Like others, we observe no essential role for the AMPAR CTD in constitutive receptor anchoring26,27,46, and no requirement for the GluA1 CTD PDZ ligand for synaptic transmission or potentiation26,65,66. Further investigation is required to assess their requirement for synaptic plasticity27, including the parallel role of direct receptor modification for potentiation, rather than alteration of receptor trafficking alone67. While not essential, we do observe some influence of CTDs, conferring dominant-negative effects on NTD-deleted receptors. Specifically, the GluA2 CTD acts in basal transmission, and the GluA1 CTD in synaptic potentiation, echoing the subunit-specific AMPAR trafficking rules proposed to rely on CTD interactions25. While the CTD is not a critical player in AMPAR synaptic localization, it likely influences the trafficking and recycling of receptors68.
Changing the synaptic AMPAR content can control synaptic strength69, as demonstrated in vivo during behavioural tasks70. Our work proposes that γ8 PDZ and AMPAR NTD interactions are the major determinants of the postsynaptic receptor complement, with their interplay acting to trap and localise the required AMPAR content at each connection6. Plasticity-induced changes in the arrangement of the PSD are far better documented than those in the synaptic cleft11,66,71. Our data suggest that changes in the abundance or distribution of extracellular AMPAR binding slots may occur within the synaptic cleft, with the potential to serve as a mechanism for LTP. The identity and dynamics of these machineries, and the mechanisms of their pre-, post- or transsynaptic control is now of great importance to understanding information storage at synapses throughout the brain.
All experimental procedures were performed under procedure project license (PPL) P81248620 in accordance with UK Home Office regulations and were licensed under the Animals (Scientific Procedures) Act of 1986 following local ethical approval (Animal Welfare and Ethical Review Body (AWERB), Institute: MRC Laboratory of Molecular Biology). Tissue for a slice or dissociated hippocampal cultures was harvested from an unascertained mixture of sexes at postnatal ages up to P8 either from C57BL/6JOla wild-type (RRID:MGI:3691859) or Gria1-3fl/fl mice (reported in28), as indicated. To generate the Gria1-3fl/fl line, mice with floxed loci at Gria1, 2 and 3 genes [Gria1lox/lox (RRID:IMSR_JAX:019012), Gria2lox/lox (RRID:IMSR_EM:09212), Gria3lox/lox (RRID:IMSR_EM:09215)] were interbred to produce mice homozygous for all floxed alleles (Gria1lox/lox; Gria2lox/lox; Gria3lox/lox, denoted Gria1-3fl/fl). All animals were housed with unlimited access to food and water on a 12:12 h light:dark cycle at normal room temperature (20–22 oC) at 45–65% humidity.
Dissociated hippocampal culture
Hippocampal neurons from postnatal (P0-P1) C57BL/6JOla wild-type mice were prepared following Beaudoin et al.72. Briefly, mouse hippocampi were dissected in ice-cold HBSS (Ca2 + and Mg2 + free, Gibco, Cat.# 14175095) containing 0.11 mg ml−1 sodium pyruvate (Gibco, Cat.# 12539059), 0.1% glucose and 10 mM HEPES (Gibco, Cat.# 15630056) and cells were dissociated with trypsin (0.25% wt/vol, Gibco, Cat.# 15090-046). Neurons were plated onto poly-L-lysine coated glass coverslips (12 mm round coverslips, Corning, Cat.# 354085 for confocal imaging or 24 mm round coverslips #1.5, Glaswarenfabrik Karl Hecht GmbH & Co KG, Cat.# 1001/24_15 92100105080 for STORM imaging) in equilibrated culture medium, which contains 86.55% Minimum Essential Medium (MEM) (Gibco, Cat.# 21090022), 10% heat-inactivated foetal bovine serum (Gibco Cat.# 11573397), 0.45% glucose, 1 mM sodium pyruvate and 2 mM GlutaMax (Gibco, Cat.# 35050038). Cultures were kept at 37 °C and 5% CO2 in equilibrated maintenance medium containing 96% Neurobasal medium (Gibco, Cat.# 21103049), 2% B-27 plus Supplement (Gibco, Cat.# A3582801) and 2 mM GlutaMax, until 21 days in vitro (DIV). Half of the medium was replaced every 4–7 days.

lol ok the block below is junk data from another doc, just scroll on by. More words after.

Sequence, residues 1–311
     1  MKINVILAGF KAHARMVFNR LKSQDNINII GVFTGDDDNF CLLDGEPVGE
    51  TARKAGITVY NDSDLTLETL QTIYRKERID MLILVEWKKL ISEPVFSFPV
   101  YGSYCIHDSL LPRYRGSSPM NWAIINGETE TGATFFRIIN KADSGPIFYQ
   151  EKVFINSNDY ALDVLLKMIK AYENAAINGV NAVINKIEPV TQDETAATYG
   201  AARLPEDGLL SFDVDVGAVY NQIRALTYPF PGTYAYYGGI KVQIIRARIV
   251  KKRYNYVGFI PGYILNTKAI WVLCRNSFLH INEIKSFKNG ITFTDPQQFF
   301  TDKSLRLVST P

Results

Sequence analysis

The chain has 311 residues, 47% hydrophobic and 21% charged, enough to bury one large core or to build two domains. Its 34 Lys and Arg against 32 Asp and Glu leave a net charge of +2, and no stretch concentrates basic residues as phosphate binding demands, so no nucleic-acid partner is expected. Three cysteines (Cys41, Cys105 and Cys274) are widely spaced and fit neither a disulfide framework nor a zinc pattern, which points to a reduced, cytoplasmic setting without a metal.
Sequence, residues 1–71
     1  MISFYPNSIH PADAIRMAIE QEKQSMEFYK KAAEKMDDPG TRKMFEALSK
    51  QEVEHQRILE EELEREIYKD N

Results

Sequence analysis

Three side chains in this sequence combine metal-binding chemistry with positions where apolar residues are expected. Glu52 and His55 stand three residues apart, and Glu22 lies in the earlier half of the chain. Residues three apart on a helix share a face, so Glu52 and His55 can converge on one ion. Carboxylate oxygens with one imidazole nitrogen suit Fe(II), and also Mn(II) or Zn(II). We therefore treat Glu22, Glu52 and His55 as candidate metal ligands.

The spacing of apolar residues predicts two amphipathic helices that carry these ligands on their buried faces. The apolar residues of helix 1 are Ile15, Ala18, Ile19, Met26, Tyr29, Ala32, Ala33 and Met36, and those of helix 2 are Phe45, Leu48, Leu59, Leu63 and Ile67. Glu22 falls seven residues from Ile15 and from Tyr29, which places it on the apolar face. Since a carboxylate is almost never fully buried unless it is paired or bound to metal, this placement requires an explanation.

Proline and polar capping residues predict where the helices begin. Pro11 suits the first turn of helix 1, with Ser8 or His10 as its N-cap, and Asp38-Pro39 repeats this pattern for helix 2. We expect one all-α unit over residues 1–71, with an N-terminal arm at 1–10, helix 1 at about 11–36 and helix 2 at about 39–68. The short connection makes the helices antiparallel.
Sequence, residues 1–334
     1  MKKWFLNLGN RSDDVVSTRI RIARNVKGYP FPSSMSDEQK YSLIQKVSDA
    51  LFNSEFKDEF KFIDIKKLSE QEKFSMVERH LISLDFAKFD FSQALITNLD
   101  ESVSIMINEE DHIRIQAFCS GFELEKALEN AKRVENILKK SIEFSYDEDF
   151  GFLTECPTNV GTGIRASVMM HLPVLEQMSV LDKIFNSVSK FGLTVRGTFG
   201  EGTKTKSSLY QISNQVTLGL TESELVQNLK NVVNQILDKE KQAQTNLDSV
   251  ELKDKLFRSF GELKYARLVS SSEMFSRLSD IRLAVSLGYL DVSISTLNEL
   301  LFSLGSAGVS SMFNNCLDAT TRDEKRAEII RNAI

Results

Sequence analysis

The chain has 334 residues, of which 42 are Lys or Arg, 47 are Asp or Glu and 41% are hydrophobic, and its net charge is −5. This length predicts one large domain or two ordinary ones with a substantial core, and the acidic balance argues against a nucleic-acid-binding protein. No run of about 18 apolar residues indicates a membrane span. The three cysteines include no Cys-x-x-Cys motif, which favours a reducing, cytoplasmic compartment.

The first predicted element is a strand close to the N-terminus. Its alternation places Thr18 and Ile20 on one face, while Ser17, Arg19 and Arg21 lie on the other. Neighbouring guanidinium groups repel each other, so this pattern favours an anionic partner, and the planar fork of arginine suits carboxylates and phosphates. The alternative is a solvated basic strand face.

Organotypic slice culture
Hippocampal organotypic slice cultures were prepared following Stoppini et al.73. Hippocampi from P6-8 mice were isolated in ice-cold high-sucrose Gey’s balanced salt solution containing (in mM): 175 Sucrose, 50 NaCl, 2.5 KCl, 0.85 NaH2PO4, 0.66 KH2PO4, 2.7 NaHCO3, 0.28 MgSO4, 2 MgCl2, 0.5 CaCl2 and 25 glucose at pH 7.3. Hippocampi were cut into 300 μm thick slices using a McIlwain tissue chopper and cultured on Millicell cell culture inserts (Millipore Ltd) in an equilibrated slice culture medium (37 °C/5% CO2). Culture medium contained 78.5% MEM, 15% heat-inactivated horse serum, 2% B27 supplement, 2.5% 1 M HEPES, 1.5% 0.2 M GlutaMax supplement, 0.5% 0.05 M ascorbic acid, with additional 1 mM CaCl2 and 1 mM MgSO4 (all from Thermo Fisher Scientific; Waltham, MA). The medium was refreshed every 3–4 days. Cultures were transfected at 5–10 DIV by single-cell electroporation (SCE) and recordings were performed 4–5 days after transfection.